This Day in Brooklyn Catholic History

This Day in Brooklyn Catholic History December 20, 2008

December 20 marks the birth of Brooklyn’s first Bishop, John Loughlin (1817-1891). Born in County Down, Ireland, on December 20, he studied for the priesthood in America. In 1840, he was ordained by Bishop John Hughes at Old St. Patrick’s Cathedral on Mott Street. A capable administrator, within a few years he was rector of the cathedral and Vicar General of the New York Archdiocese, which then included most of the state and northern New Jersey. When Long Island was made a separate diocese, Father Loughlin, at age 36, became Brooklyn’s first Bishop. During his 38-year tenure the Catholic population grew from 15,000 to nearly 300,000. Bishop Loughlin oversaw the establishment of an impressive network of churches, schools, colleges, hospitals, and orphanages stretching from Red Hook to the Hamptons. By then, a local paper noted that “a ‘Romish Church’” was “no longer a thing of wonderment,” and “a Romish priest” was “no longer a stranger.” A loner who disliked publicity, he was described as a “one man chancery.” It was said that he had “a strong aversion for two classes of people—Jesuits and reporters.” While he did talk to reporters on occasion, the Jesuits had to wait until after his death to start a Brooklyn foundation.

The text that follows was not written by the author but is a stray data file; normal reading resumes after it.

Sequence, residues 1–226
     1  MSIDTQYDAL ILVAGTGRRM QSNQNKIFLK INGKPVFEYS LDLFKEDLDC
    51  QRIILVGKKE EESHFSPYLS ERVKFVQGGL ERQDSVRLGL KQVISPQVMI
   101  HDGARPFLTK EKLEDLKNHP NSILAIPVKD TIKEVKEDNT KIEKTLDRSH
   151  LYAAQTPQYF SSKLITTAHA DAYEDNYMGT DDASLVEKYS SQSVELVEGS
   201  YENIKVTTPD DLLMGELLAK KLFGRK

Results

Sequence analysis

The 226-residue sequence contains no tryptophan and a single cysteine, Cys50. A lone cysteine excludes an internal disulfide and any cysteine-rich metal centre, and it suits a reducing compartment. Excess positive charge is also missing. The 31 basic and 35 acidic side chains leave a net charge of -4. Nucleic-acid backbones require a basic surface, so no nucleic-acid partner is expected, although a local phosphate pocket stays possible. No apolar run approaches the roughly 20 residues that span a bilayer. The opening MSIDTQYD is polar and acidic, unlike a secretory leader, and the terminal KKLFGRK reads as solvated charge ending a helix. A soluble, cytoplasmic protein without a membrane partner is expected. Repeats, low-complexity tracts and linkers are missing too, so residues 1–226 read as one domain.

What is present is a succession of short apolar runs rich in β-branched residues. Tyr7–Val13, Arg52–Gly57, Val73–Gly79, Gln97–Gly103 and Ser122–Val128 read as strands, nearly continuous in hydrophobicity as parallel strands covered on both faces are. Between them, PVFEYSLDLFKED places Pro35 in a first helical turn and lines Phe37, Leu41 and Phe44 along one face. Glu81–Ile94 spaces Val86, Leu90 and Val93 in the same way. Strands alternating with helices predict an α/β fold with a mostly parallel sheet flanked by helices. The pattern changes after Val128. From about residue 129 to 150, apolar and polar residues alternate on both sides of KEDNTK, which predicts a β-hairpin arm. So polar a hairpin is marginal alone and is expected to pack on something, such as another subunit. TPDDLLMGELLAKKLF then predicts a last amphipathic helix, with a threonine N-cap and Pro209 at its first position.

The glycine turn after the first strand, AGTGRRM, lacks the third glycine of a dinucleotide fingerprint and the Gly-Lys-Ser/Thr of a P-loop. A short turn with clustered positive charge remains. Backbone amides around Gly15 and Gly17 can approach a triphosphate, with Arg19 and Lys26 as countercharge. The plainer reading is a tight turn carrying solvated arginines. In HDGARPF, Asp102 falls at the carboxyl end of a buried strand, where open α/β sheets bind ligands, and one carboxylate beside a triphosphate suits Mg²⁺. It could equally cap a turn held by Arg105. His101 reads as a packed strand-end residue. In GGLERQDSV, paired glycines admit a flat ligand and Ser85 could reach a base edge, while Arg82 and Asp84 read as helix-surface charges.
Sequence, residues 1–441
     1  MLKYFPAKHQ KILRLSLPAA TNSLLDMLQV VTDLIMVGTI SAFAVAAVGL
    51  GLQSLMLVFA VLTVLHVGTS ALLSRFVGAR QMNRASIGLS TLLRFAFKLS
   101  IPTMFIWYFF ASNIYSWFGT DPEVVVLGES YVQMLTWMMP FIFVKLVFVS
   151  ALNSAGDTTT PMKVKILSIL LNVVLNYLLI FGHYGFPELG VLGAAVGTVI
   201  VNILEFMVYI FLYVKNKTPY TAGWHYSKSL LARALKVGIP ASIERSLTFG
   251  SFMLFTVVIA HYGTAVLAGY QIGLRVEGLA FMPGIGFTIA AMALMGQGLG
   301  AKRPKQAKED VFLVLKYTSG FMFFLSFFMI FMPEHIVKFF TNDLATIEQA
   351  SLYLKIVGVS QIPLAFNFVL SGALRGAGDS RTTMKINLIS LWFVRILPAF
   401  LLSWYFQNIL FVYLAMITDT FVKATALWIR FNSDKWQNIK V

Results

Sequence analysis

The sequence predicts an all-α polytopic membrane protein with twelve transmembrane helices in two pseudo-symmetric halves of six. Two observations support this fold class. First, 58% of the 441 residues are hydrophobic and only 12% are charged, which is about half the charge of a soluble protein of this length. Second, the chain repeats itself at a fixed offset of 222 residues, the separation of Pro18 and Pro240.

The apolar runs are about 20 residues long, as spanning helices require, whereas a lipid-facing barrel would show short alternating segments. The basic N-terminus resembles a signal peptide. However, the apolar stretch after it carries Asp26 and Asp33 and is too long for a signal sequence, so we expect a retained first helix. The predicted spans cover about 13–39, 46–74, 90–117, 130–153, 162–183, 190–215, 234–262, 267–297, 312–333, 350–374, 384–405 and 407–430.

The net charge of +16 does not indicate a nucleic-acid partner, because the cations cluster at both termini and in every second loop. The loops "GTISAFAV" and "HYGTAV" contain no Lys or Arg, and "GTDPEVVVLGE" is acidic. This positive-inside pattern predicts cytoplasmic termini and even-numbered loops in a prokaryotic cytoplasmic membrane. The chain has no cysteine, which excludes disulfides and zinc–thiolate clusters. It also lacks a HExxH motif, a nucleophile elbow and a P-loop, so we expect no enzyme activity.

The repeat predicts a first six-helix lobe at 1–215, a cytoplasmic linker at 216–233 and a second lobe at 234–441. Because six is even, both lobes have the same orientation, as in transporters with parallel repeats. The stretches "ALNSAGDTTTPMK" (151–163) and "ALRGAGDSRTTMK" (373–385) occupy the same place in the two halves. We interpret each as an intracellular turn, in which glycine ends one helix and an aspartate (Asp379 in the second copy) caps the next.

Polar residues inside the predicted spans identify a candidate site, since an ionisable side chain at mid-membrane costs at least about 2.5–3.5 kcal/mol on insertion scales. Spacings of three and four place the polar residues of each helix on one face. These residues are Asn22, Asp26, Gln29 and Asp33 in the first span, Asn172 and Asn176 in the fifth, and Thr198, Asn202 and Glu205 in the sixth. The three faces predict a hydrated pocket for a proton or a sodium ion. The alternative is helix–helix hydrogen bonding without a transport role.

The Brooklyn Eagle aptly (and fairly) described his legacy: “But with all his odd ideas the bishop has been and is a great man. He was cautious, conservative, and yet vigorous and wise, and whenever or wherever the opportunity had presented itself he has taken the advantage of it to advance the interests of the church, and the monuments to his life work which stand in all portions of the diocese in the form of healthy, active and growing churches, speak louder than any words of his fitness for the position of master builder that he has held with honor for so many years.”

The paper was right. Bishop Loughlin may have been a man of few words, but his legacy speaks loudly, and in a diocese that continues to be known as a “Diocese of Immigrants,” it was fitting that the first Bishop should be one.

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